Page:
In addition to this, we learn of the personal pain of Grossman’s war. He reported from Stalingrad for four months and knew that somewhere else within the city his nephew was also serving. It was not until after the battle had finished that they were to be finally reunited, when Grossman found his nephew’s grave.

As the Russian advance continued, and they reclaimed more and more of their country, he came ever closer to his hometown of Berdichev. At the start of the German onslaught his mother and many other members of his family had been trapped there. He blamed himself for failing to evacuate them in time, a guilt that was all the heavier from the thought of the fate that may befall them as Jews. When Berdichev was eventually re-taken he returned to discover that his worst fears had been true. During the first months of occupation, his mother, her family and 20-30,000 other Jews of the town had been taken by the Nazis to a nearby airfield and executed on mass.

This was not the first such atrocity that Grossman discovered, and it wasn’t to be the last. As the evidence of the Jews treatment built up, Grossman and fellow writer Ilya Ehrenburg decided to document everything that was found in what they called The Black Book. There was plenty of material; from the massacre at Babi Yar, to the almost total annihilation of the Jewish population of the Ukraine, and ultimately to Grossman’s arrival at a newly liberated Treblinka. The interviews he conducted with the forty or so survivors from that camp formed his most powerful and famous article The Hell called Treblinka which was quoted at the Nuremburg trials and is reproduced in large part by Beevor.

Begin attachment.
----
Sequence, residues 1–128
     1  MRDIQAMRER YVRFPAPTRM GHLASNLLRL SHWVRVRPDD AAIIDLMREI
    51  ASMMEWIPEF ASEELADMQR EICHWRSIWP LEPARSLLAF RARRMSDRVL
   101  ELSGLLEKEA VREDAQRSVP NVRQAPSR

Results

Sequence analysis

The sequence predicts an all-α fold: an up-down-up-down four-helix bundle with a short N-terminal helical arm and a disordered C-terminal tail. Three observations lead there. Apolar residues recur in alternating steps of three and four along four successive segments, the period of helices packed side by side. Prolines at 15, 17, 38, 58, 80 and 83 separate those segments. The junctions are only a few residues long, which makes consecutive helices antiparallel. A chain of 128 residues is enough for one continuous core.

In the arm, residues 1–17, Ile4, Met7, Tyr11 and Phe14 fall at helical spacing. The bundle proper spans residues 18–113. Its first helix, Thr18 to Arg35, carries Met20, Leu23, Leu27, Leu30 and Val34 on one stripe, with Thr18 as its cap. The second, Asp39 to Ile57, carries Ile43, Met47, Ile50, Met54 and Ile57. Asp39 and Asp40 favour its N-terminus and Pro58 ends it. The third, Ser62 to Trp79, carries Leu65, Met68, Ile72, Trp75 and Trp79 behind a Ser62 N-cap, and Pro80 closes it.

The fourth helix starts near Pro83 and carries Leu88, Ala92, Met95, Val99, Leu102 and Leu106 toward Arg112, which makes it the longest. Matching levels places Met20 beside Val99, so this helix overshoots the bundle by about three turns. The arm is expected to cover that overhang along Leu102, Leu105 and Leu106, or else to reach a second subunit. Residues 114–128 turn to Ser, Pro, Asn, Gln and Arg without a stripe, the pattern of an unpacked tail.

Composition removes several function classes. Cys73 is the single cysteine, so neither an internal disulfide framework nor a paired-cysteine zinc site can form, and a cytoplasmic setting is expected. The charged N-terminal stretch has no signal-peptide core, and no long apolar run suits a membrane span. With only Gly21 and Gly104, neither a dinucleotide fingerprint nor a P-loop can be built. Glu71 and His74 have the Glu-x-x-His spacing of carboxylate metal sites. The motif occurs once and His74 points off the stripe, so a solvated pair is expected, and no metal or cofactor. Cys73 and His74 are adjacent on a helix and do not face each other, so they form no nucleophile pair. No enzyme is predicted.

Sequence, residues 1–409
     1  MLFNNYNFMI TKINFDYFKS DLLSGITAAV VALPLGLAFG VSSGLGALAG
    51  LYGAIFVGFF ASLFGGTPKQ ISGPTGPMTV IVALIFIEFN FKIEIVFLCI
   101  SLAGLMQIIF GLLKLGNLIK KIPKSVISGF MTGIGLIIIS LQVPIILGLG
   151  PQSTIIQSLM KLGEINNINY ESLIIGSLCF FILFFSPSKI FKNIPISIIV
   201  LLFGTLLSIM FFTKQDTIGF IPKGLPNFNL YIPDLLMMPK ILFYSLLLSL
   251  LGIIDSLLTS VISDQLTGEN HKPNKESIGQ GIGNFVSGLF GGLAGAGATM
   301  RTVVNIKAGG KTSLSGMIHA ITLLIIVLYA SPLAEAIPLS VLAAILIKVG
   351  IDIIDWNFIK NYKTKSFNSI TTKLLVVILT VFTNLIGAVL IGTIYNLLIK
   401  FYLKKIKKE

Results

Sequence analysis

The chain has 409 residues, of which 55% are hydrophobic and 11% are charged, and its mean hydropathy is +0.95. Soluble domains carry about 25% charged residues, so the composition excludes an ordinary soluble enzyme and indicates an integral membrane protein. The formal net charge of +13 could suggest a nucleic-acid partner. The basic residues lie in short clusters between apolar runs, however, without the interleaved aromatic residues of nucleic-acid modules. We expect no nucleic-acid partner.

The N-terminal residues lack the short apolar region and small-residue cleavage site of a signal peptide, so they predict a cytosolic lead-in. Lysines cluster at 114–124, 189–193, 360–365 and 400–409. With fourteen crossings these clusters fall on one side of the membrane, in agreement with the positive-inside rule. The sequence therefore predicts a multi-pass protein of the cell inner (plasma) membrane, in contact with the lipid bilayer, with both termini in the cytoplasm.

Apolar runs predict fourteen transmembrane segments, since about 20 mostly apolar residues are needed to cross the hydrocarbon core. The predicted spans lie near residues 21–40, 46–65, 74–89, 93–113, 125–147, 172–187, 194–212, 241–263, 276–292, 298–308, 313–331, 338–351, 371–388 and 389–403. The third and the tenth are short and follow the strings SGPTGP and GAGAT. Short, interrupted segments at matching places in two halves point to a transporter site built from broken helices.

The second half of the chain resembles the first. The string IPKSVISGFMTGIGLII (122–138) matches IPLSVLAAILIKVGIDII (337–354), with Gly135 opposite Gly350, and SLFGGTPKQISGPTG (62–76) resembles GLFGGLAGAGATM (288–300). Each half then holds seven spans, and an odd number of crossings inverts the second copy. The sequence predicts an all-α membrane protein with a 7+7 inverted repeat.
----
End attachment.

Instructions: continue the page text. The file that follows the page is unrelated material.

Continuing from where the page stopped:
Despite the success of that article, others on a similar theme were heavily edited, or like The Black Book itself, suppressed due to Stalin’s order that “The dead shall not be divided”; a decree he used to avoid the embarrassment of collaboration by locals with the Nazi atrocities being revealed.

Ultimately Grossman’s story leaves you with an impression of the sheer scale and brutality of the times he lived through and a feeling that during those years there was no reality, let alone normality, only war.

With A Writer at War, Anthony Beevor has produced a remarkable book that succeeds in a number of ways: as a biography of a crucial period in an important writers life, as a compelling eye-witness account of the most brutal conflict in history, and in revealing the inspiration and source material for two of the most significant works of literature from the last century, Life and Fate and The Black Book. This last aspect is the most original and most revealing, as throughout this wonderful piece of research Beevor points you to characters and events that were to appear in both books. Although sadly Grossman didn’t live to see either published, as both were suppressed by Stalin.

Most readers of A Writer at War will come to it from an interest in the events and time period it covers, but I hope they will leave with a desire to read Grossman’s masterpiece Life and Fate, as everything he witnessed during that tumultuous period of history are contained within its pages.


~ by ThatCricketBlogger on 1 November, 2007.